USD - The greenback once again trekked along an uneven path last week as market participants sought to garner insight into the health of the world's largest economy and the direction of its currency, from key economic drivers and market risk sentiment. The dollar remained largely range-bound during the first half of last week, breaking out of its range to stage a brief rally Thursday, on the back of improving Jobless Claims data (initial: 502K during 11/7 wk. vs. 514K prior; continuing: 5631K vs. 5770K prior). However, the ephemeral dollar burst was quickly squelched by the ensuing Trade Balance (-$36.5B in Sep. vs. -$30.8B prior) and U. of Michigan Confidence (66.0 in Nov. vs. 71.0 exp.) reports-ultimately causing the dollar to close the week lower than when it opened. As global risk sentiment has ostensibly been improving, the greenback has been experiencing sellingpressure to fund carry trades for higher-yielding investments. Intra-day dips, notwithstanding, the underlying trend of the DJIA has been upward (10,400 at the time of printing), which by inverse correlation, has been putting downward pressure on the USD. This morning's Advance Retail Sales (1.4% in Oct. vs. -2.3% prior) gave a much-needed boost to market sentiment for an ameliorating US economy, though the USD continues to remain under pressure as risk appetite increases and interest rates remain at historic lows. The Empire Manufacturing Index release earlier this morning, furthermore, serves as an ominous reminder that the ailing US manufacturing sector, together with persistent US joblessness, may ultimately prove to be a drag on any sustainable long-term economic growth. Markets will have plenty to digest later in the week as a battery of key inflation and housing data will take center stage. Markets will also be attuned to Fed Chairman Bernanke's speech this morning about America's economic outlook to further get a sense for the direction of future monetary policy and the true economic state of the Union.

EUR - The euro strengthened vs. the dollar but remained below the $1.50 level. The European Union statistics office reported today that Eurozone consumer prices declined 0.1% in October from the previous year as rising unemployment discouraged household spending. Economists expect European inflation to average 1.2% in 2010, just below the 2% central bank target. Last week, economic reports showed that the E-16 economy was out of recession as GDP grew 0.5% in Q3'09. The ECB continues to signal that it is in no rush to withdraw stimulus measures. With the EUR's 19% ascent against the dollar since mid-February making exports less competitive, the Eurozone may continue to struggle in its recovery.

GBP - The British pound sterling is trading slightly lower ahead of Wednesday's BoE minutes release for hints of possible further quantitative easing. Earlier this month, the BoE said it would increase its Asset Purchasing Programme by GBP 25B. Today, UK property website Rightmove, showed asking prices for houses fell by 1.6% during November. The market will eye UK inflation data on Tuesday and retail sales numbers on Thursday. Expect the sterling to remain weak amid fragile UK economic data, fiscal health worries, and expectation that UK interest rates will remain low for longer than those of most other developed economies.

JPY - News that Japan's economy expanded at the fastest pace in more than two years in Q3'09 propped up the yen today. GDP rose at an annualized 4.8% pace after a 2.7% gain in Q2'09. Speculation that Japanese investors will repatriate money from their US Treasury investments also boosted the yen. Today, the US is expected to make $100.5B in redemptions and interest payments on Treasuries. Despite optimism, yen gains will be limited on concern that Japan's debt grew to almost twice the size of the economy. The BoJ is expected to keep its benchmark interest rate near zero in the near term.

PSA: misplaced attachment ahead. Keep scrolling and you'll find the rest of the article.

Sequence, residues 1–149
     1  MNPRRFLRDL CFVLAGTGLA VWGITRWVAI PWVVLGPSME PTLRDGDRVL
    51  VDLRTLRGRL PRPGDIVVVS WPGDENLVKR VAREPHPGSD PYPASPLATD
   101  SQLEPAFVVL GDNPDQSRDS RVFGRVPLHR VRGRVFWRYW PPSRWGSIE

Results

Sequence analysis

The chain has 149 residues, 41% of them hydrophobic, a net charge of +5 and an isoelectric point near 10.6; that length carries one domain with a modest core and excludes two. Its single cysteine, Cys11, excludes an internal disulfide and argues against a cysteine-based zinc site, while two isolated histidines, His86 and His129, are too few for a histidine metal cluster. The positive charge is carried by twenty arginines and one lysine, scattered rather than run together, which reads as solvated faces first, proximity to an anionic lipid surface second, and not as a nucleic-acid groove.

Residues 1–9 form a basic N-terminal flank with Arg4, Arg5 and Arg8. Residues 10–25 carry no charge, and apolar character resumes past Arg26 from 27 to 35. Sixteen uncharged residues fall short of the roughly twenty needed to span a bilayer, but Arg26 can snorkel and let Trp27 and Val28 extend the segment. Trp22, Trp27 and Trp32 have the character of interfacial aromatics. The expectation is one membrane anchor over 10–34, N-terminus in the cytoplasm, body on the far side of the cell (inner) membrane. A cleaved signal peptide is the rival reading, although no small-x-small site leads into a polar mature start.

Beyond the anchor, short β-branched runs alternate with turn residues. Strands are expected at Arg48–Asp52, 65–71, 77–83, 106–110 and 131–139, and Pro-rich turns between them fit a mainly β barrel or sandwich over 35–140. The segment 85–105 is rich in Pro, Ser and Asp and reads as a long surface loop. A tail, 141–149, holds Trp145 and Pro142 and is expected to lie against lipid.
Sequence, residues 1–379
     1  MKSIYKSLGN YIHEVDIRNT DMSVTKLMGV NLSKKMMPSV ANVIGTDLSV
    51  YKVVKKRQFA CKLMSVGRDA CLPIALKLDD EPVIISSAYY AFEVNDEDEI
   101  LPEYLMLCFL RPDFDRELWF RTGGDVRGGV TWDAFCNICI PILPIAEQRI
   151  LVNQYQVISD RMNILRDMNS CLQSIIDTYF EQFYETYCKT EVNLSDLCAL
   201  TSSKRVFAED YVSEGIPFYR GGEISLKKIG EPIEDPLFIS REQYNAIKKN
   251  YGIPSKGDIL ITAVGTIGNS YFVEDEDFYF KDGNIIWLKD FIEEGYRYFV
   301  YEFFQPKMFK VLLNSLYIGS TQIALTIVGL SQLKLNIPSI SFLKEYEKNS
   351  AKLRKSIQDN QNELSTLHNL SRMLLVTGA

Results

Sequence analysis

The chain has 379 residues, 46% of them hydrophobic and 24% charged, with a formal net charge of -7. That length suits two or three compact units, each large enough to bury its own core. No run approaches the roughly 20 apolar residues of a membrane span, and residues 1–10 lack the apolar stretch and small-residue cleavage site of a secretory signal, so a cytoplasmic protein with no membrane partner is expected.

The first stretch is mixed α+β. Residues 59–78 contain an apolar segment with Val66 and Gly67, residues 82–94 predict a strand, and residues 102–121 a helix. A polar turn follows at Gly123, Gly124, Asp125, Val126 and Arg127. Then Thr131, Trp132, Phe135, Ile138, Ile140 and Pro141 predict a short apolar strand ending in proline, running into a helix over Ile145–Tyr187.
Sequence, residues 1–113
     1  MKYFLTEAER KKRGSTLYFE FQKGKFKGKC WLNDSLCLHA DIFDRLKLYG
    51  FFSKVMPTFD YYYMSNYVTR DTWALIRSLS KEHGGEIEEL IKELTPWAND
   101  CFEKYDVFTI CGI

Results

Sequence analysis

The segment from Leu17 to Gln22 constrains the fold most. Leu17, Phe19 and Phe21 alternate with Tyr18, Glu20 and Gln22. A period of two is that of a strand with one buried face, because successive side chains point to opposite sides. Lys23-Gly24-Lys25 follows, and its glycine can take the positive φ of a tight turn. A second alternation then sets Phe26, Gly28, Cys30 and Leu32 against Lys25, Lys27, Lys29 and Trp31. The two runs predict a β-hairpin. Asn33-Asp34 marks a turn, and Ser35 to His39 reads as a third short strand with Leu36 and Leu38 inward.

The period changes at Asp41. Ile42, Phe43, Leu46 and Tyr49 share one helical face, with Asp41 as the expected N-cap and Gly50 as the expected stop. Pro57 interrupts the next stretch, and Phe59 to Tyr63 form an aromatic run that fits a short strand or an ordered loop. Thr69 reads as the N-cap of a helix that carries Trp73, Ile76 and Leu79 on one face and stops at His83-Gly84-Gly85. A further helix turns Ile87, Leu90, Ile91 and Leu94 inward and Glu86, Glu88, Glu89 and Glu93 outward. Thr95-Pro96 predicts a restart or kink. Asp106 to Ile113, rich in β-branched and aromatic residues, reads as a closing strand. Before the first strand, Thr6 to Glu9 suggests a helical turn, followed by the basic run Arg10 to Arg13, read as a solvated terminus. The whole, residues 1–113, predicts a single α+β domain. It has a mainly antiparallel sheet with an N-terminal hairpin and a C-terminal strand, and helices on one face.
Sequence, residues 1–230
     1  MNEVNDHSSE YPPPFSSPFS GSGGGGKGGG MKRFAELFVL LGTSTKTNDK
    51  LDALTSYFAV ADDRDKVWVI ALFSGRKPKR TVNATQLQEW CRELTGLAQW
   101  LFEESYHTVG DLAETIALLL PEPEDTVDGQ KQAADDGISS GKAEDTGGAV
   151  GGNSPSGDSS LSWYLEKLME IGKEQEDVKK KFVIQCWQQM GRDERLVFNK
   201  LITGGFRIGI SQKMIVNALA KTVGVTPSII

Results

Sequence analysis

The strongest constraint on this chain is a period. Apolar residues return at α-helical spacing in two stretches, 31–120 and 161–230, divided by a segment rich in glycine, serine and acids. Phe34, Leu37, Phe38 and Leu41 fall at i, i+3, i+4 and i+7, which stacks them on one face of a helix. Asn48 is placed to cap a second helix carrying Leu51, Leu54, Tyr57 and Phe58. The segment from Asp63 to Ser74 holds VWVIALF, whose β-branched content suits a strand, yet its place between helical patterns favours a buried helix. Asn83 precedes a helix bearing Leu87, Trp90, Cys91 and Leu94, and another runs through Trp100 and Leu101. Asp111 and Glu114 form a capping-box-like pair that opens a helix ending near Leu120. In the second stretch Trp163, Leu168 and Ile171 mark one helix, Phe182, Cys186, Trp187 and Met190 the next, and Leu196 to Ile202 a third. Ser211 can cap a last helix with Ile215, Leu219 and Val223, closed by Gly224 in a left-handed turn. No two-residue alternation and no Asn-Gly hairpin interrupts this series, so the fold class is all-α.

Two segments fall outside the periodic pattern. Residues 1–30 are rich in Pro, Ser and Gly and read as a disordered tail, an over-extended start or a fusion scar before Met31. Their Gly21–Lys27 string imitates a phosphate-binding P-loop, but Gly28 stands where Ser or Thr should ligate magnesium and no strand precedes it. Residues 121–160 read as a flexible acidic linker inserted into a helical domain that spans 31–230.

CAD - The loonie began last week with its most volatile daily move in 5- months ranging 2% (1.0543 1.0743) for the day and 3% for the week's session. The G-20 clearly committed to further growth over the weekend, and that helped the commodity currencies like the CAD to rally quite strongly. The currency outperformed 12 of the 16 most-traded currencies tracked by Bloomberg. Crude oil was choppy last week ranging nearly 5% but ultimately closing lower than it began ($78.05 - $76.55). Canada's trade deficit narrowed more than analysts expected in September to a three-month low on rising exports of automobiles and metals. The trade gap was C$927M, compared with a revised C$1.99B in August according to Statistics Canada. Exports rose 3.5% to C$30.3 billion, while imports fell 0.1% to C$31.2 billion.

MXN - The peso also responded to prognostications by the G20 commitment to strong recovery by gaining over 3% on the session for a month-to-date low of 13.0164 vs. USD. The PRI made additional moves toward political leverage last week aimed at current President Felipe Calderon. Mexico's Institutional Revolutionary Party-the largest in the lower house of Congress-favors cutting the government's operational spending in the 2010 budget by at least 85B pesos ($6.4B) from the amount proposed by President Calderon. The party purports to want to spend the money on health care, education and infrastructure instead.

CNY - The yuan is largely unchanged vs. the dollar at 6.8265. The 21- member Asia-Pacific Economic Cooperation group pledged in a statement yesterday to refrain from raising new barriers to investment and trade- an implicit acknowledgment of China's controversial managed currency regime Immediately following the communiqué Chinese Finance Minister Yao Jian stated that a stronger CNY would not be conducive to a global economic recovery and is not fair. Markets are still forecasting the yuan to rise 3.44% in the next 12-months.